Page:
Energy Audit Army is Well Funded and on the March : Firms Starting and Accelerating like a 16 year Old with Porsche
No sooner had I posted on Green BIM, and also flogging the sustainable retrofit business model, that friends and colleagues start bringing up firms specializing in energy audits. Most of these firms combine the audits with consulting to provide sustainability options i.e. savings through energy efficiency. The more you dig you’ll see that energy audits are becoming common place and even mandatory in places. The Green Energy Act passed in Ontario, Canada mandates a seller preform and energy audit on their home. The city Austin now mandates it. You get the picture, regardless if you think it is a good practice, it is also being legislated into existence. Not only that there are rebates and tax credits available for implementing retrofits. Good business. So let me again hammer this home in bullet point format:
Give me one or a dozen at that price.
Recurve, ” a San Francisco-based provider of software and services for the home performance industry, today announced that it has secured an $8 million Series B round of financing. New investor Lowe’s Companies, Inc. (NYSE: LOW) joins existing investors RockPort Capital Partners and Shasta Ventures in the financing.” Provides not only the energy audit and recommendations and not wanting to share much pie can do the retrofits themselves as well.
Neststepliving, a Needham, MA announced this summer a “$2.6 million first close of their Series B financing round. The financing was led by local green entrepreneur John McQuillan, President & CEO of Triumvirate Environmental, who was joined by other new investors and returning Series A investors including Black Coral Capital and the Clean Energy Venture Group.”
And these are companies that people just mentioned to me in the last couple of days and as stated on the NextStepLiving website, Most Massachsuetts Homeowners are eligible for free home energy assessment and generous weatherization rebates up to 85% of the cost of the work. Regardless of who’s picking up the tab and maybe it’s just a lead generation tool, but free? Can’t lower the hurdle any more than that, and then coupled with rebates to do the work, well, get on that train.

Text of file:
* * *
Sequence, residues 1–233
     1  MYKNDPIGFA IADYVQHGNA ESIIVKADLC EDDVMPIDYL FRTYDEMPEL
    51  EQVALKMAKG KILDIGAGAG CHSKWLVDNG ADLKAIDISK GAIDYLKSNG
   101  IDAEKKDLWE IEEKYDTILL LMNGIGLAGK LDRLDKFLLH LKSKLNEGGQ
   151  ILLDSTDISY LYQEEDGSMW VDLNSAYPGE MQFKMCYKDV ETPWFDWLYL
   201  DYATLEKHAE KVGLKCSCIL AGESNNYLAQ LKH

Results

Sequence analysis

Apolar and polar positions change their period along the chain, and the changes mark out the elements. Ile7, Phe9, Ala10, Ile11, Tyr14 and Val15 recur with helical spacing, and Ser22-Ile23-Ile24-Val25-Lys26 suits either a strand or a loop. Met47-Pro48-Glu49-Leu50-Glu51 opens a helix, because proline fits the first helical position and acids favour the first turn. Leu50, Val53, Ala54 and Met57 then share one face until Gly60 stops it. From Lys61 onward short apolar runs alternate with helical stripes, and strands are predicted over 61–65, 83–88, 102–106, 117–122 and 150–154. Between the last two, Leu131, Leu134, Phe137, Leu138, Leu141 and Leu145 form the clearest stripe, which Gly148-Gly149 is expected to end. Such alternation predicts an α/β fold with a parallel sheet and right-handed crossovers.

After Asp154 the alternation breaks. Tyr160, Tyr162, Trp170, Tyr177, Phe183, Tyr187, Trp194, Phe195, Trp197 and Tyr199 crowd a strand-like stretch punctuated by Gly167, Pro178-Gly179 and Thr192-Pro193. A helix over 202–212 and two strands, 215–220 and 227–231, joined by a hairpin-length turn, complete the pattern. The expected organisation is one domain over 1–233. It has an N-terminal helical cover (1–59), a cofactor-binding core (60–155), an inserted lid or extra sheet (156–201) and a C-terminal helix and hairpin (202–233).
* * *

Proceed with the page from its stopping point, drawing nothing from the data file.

Retroficiency , based here in Boston , “provides energy audit and energy management software and services.”
Appogee Interactive, Enercom , and Microsoft’s HOHM Beta, are all providing tools for analyzing your home. Why? It leads to business, or as my dad always says, “follow the money”. And the smart money is in sustainable retrofits and energy audits.
As reported by Katherine Tweed from GreenTech Media and picked up by Wired the DOE Launched a new blog. (Man, this new media everybody ‘borrowing’ and ‘sharing’ content gets tough to footnote). Alone, generally, this should be met with a collective YAWN. However, as a thread of the whole fabric it adds strength to the perception and reality of the move to a sustainable future and the real investment that is happening around it. And get this from a post on July 23.
…Cindy Regnier (from the) Lawrence Berkeley National Laboratory… works on several projects, including two that are Recovery Act-funded: the new User Facility for Low-Energy Integrated Building Systems test bed and the Commercial Building Partnerships initiative)…is helping to select dozens of new and existing commercial building projects from around the country to receive technical assistance from the national labs to achieve 50% energy savings in new construction and 30% in existing buildings. Each building will have energy-savings measures validated and evaluated from energy and cost standpoints, all with the goal of developing and promoting energy efficiency measures that can be easily deployed throughout the industry.